Mumbai's iconic 'blue' Knesset Eliyahoo Synagogue open to public, after year-long restoration

Kala Ghoda is the sort of neighbourhood that inspires Mumbai-centric prose. Art galleries, a museum, warmly-lit cafes and street art define its ethos. And yet, the building that seems to rouse the most intrigue in tourists and locals is the Knesset Eliyahoo Synagogue. Its blue-coloured exterior would make it seem like it is merging with the sky above, or it would make the building stand out against adjacent structures, depending on the time of the day.

But the synagogue is blue no more. Following year-long restoration work, it now wears the colours indigo and white, and is open for the public.

“It’s very much a Classical Revival building, and it has been planned like a typical Baghdadi Jewish synagogue,” says Abha Narain Lambah, the principal conservation architect of the project. The restoration work was undertaken by the JSW Group, Sir Jacob Sassoon & Allied Trust, Kala Ghoda Association and the World Monument Fund.

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All photographs by Sachin Gokhale/Firstpost

From past to present

Jacob Sassoon, the grandson of businessman-philanthropist David Sassoon, built the Knesset Eliyahoo Synagogue in 1884. It was designed by the British architectural firm Gostling & Morris, and was to cater to the local Baghdadi Jewish community.

Kala Ghoda was specifically chosen as its location, so that the people living in areas nearby, stretching up to Colaba (where many Iraqi Jews lived), could reach it on foot.

“It was built to augment prayer services for this sub-community of Jews,” says Solomon Sopher, chairman and managing trustee of the Sir Jacob & Allied Trust. Now, the city’s Baghdadi and Bene Israel Jewish communities, as well as Jews from countries outside of India, visit the synagogue.

Solomon Sopher

Solomon Sopher

A sum of its parts

“In terms of architectural style, we find similarities between the synagogue and the Bhau Daji Lad Museum, the Brihanmumbai Municipal Corporation’s head office, and Elphinstone College. There’s an overlap particularly between the Bhau Daji Lad Museum and the synagogue; painted stencil bands have been found in both structures,” Abha explained.

The synagogue has neo-Classical and Gothic-Victorian architectural elements. Corinthian columns, a triangular roof on the external façade, semi-circular and segmented fenestrations, and cast-iron panels are notable features, as are its stained-glass panels, which feature flora and fauna motifs native to India.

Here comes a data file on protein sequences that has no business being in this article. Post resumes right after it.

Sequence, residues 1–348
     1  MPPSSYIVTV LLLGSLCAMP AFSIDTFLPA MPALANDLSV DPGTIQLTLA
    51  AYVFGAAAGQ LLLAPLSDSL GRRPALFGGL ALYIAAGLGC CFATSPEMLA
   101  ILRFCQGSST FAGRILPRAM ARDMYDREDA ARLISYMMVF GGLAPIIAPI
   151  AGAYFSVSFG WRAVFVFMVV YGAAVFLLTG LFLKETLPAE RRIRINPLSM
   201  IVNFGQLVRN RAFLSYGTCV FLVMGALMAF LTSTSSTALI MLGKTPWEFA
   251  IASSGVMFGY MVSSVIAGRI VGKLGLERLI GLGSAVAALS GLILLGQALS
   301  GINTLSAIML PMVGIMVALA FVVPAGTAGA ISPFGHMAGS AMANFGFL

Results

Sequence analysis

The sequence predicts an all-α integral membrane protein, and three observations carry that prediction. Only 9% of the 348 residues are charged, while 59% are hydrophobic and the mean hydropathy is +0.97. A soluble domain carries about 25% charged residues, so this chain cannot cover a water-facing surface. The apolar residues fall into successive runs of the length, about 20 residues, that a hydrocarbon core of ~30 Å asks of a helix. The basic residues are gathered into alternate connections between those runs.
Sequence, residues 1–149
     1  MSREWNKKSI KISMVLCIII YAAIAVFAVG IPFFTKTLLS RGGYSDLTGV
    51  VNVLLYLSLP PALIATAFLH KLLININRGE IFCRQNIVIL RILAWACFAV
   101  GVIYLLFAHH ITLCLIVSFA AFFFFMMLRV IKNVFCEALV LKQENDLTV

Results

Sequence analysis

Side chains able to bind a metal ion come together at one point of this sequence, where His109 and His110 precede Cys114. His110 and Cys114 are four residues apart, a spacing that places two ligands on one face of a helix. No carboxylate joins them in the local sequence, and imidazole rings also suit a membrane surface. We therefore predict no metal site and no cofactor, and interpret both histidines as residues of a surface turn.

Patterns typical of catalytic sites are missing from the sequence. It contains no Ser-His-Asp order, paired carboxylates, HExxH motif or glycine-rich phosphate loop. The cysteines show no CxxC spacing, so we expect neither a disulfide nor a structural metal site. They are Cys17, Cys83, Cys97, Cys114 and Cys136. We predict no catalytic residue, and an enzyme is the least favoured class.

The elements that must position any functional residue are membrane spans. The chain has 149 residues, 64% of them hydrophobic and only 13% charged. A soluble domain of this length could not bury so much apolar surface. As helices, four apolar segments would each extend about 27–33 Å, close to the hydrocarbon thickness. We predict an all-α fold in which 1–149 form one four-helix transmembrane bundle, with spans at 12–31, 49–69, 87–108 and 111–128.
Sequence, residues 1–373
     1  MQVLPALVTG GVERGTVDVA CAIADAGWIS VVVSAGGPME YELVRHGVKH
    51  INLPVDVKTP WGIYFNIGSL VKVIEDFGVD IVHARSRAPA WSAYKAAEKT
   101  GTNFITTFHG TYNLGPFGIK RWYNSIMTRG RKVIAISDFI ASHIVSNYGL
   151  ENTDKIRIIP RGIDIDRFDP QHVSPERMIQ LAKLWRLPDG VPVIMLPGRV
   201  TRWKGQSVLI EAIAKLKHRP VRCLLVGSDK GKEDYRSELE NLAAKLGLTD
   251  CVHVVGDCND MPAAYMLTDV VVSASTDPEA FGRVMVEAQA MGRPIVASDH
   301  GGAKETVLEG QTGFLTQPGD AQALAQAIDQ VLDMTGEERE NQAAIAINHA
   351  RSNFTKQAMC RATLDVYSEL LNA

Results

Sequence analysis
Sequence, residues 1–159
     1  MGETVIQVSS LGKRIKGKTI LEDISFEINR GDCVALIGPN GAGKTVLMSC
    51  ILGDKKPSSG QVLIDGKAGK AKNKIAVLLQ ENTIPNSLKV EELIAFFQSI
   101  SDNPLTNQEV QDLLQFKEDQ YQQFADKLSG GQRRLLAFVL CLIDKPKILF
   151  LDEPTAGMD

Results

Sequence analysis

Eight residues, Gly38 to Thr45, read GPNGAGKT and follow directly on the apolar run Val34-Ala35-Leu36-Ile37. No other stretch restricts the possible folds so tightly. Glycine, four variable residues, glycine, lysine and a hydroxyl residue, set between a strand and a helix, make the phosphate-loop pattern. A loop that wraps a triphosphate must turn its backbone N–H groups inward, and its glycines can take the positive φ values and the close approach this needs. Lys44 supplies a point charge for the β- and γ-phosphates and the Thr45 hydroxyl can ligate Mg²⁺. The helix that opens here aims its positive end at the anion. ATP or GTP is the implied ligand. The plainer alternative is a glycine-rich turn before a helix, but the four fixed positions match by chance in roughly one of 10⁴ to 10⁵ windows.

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The Bechal or Ark, containing the Torah scrolls, faces west towards Jerusalem, and the prayer hall is along an east to west orientation. Services are conducted from a centralised podium, built in the Sephardic, eastern Jewish tradition. The exterior is made of Porbandar stone, and Minton tiles imported from Stoke-on-Trent were laid into the floor of the synagogue’s interior.

Abha was always clear that the post-restoration structure should be as close to the 19th-century design as possible. Before the restoration, the inside of the synagogue was painted blue. “We peeled off layer after layer of paint to find the oldest colour palette – the original one that was used – and decided to repaint the interiors using those colours,” Abha explains. Research and development had to be undertaken to make new paints that would match the original shades used for the interiors over a century ago.

Indigo and white paint were chosen for the exteriors because they wanted an authentic colour palette – shades that are naturally occurring. “Oral history often takes over narratives, and it is as important as tangible history. People know it as the ‘blue synagogue’,” remarked Abha. It’s possible that though the colours of the structure have changed, people will still call it by its old name.

The inside of the synagogue is bathed in a soft, golden light. The original lights made in cast-brass, adorned with embellishments, are the only element in the building to undergo a change. “Originally, it would have been lit by gaslight because it was built before the time of electricity. Now they have been replaced by electrical chandeliers,” Abha said.